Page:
AssAnalyzer Page Index (Download AssAnalyzer)

Important AssAnalyzer 0.1 Information?
What is AssAnalyzer?
Where do I get AssAnalyzer?
How do I run AssAnalyzer?
What's the difference between .xml and .grph output formats?
How do I interpret the xml output?
How do I generate the visual representation using the .grph file?
How stable is AssAnalyzer?
What's next for AssAnalyzer?

Important AssAnalyzer 0.1 Information

On April 9, 2007 AssAnalyzer 0.1 was officially released.

I've done my best to update the documentation on this site. But I may have missed something. If you notice inconsistencies, please let me know. My contact information is on the about page.

What is AssAnalyzer?

AssAnalyzer is a dependency management utility for .Net assemblies. It's primary purpose is to analyze the dependencies between assemblies. The output is an xml file representing the PhysicalDependencies between the assemblies, as well as a .grph file that can be used with GraphViz to generate a component diagram.

Or, AssAnalyzer is for .Net what JarAnalyzer is for Java.

Or, AssAnalyzer is an open source alternative to NDepend.

For more information on PhysicalDependencies, including a variety of design patterns, check out Extensible Java.

Where do I get AssAnalyzer?

Here's the binary version. The source code will be available soon. If you'd like the source code immediately, contact me. If you want to build AssAnalyzer, you'll need to have Rake installed.

How do I run AssAnalyzer?

Running AssAnalyzer is easy. Download the binary version, unzip the file, and invoke analyze.exe.

You can also configure AssAnalyzer to produce specific types of output by modifying the assanzlyerconfig.xml.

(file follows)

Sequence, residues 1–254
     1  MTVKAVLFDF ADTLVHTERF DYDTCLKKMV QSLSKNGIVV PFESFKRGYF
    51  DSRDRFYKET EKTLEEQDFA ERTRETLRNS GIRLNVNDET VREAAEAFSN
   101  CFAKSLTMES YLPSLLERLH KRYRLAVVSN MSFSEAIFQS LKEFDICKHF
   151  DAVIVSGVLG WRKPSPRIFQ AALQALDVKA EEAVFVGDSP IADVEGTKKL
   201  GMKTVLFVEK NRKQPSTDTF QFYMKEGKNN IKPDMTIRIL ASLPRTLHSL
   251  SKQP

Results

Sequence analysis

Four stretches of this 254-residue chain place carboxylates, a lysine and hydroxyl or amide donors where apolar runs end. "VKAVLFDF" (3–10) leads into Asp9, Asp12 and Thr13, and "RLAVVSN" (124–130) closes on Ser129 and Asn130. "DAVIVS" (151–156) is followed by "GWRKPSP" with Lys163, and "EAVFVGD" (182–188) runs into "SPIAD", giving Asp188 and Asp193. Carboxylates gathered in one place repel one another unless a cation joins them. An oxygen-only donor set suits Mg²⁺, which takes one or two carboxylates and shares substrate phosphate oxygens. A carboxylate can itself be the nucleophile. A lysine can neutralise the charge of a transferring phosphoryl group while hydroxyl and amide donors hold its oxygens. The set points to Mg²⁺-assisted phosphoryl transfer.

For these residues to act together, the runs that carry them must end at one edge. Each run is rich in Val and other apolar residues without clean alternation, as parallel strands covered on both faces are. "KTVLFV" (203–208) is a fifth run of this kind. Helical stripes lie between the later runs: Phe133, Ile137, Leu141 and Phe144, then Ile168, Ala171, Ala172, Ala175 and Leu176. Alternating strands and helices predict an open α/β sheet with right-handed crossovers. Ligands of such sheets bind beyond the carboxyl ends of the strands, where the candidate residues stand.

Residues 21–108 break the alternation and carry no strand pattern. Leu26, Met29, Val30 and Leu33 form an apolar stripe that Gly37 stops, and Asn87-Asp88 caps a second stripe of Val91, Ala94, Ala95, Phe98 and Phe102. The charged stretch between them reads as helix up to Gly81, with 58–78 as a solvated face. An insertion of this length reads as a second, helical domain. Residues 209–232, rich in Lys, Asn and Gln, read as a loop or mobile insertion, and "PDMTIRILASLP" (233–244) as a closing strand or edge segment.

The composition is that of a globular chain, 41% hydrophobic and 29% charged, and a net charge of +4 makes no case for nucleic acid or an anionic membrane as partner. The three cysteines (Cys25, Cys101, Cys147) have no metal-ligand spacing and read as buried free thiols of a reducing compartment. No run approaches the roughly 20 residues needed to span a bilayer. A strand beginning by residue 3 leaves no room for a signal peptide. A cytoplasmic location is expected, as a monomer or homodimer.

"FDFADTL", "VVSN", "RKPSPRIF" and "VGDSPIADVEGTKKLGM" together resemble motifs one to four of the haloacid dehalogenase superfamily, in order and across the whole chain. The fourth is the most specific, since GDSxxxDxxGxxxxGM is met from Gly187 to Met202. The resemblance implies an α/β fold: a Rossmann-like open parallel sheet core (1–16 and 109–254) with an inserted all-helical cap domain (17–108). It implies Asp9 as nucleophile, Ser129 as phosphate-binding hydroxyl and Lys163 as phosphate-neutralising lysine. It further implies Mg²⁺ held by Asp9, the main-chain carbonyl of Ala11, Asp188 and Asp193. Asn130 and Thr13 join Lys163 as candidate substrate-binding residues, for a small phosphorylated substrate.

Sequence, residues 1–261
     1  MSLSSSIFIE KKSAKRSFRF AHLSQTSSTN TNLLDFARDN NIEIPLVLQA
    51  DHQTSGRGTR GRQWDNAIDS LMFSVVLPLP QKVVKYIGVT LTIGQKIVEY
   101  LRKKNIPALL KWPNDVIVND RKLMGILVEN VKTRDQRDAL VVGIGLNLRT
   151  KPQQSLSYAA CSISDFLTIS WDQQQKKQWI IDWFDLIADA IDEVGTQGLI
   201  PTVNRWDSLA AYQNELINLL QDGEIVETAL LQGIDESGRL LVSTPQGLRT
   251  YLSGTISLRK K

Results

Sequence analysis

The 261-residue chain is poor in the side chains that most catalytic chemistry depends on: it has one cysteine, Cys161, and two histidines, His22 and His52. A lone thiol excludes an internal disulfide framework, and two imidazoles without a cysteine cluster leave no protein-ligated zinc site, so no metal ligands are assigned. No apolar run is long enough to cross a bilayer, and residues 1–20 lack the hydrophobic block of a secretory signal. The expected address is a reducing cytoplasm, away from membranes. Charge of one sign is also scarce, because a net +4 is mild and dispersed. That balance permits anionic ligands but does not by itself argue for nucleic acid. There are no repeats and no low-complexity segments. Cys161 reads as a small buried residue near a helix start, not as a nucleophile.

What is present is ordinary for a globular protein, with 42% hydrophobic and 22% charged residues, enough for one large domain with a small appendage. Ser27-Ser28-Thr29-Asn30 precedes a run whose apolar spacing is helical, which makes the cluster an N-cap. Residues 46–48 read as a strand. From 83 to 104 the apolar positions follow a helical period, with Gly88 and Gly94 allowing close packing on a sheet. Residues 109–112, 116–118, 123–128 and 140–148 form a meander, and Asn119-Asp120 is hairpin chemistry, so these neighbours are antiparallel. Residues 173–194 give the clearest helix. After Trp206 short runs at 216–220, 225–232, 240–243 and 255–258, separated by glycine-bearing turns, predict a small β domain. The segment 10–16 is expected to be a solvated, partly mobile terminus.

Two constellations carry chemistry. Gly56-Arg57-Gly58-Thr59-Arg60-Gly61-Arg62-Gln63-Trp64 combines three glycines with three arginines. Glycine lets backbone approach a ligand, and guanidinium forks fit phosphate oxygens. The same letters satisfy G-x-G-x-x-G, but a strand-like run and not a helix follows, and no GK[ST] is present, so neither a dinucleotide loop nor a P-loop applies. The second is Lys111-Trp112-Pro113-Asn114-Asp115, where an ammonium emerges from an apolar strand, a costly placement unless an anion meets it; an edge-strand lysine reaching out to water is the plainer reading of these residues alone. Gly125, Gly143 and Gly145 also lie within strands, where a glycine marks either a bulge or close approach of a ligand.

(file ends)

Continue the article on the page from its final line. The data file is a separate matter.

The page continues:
What's the difference between .xml and .grph output formats?

The .xml output is a data intensive document showing more complete information about each .Net assembly included in the report. The .grph is a DOT formatted file that can be used with GraphViz to generate a visual representation of the assembly relationships.

How do I interpret the xml output?

The output is an xml file of the dependencies between the assemblies analyzed. Here's a listing of the primary elements that AssAnalyzer reports on.

  • AssemblyName: The name of the assembly analyzed.
  • Statistics: Number of packages and classes in the assembly.
  • Metrics: These are based on the "Martin Metrics". AssAnalyzer does not currently support the Level metric found in JarAnalyzer.
  • Packages: Names of the packages in the assembly.
  • OutgoingDependencies: Dependent assemblies based on what was analyzed.
  • IncomingDependencies: Assemblies dependent on this assembly.

I took the liberty of running AssAnalyzer on some popular Mono assemblies (not all). Here's the output xml files generated.

A stylesheet is included that allows you to transform your xml output to a much nicer looking format. Here is an example using the xml file above for Mono.

How do I generate the visual representation using the .grph file?

First, you need to have GraphViz installed. Then, you can run DOT directly on the .grph file. Something like this works well:

dot -Tpng -Nshape=box -Nfontsize=30 -Nwidth=1.5 -Nheight=1.25 out.grph -o out.png

Here is an example of a visual component diagram for the Mono assemblies analyzed above.

How stable is AssAnalyzer?

I've done tested AssAnalyzer on a variety of applications and open source software. To the best of my knowledge, there are no current issues. That doesn't mean none exist though, and if you do find that AssAnalyzer isn't working correctly for you, please let me know. AssAnalyzer is released under the BSD License.

What's next for AssAnalyzer?

Based on your feedback, and my experiences...

If after using AssAnalyzer, you find other features you feel would be valuable, let me know what they are, and I'll add them to the list.

What's the history behind AssAnalyzer?

To do!

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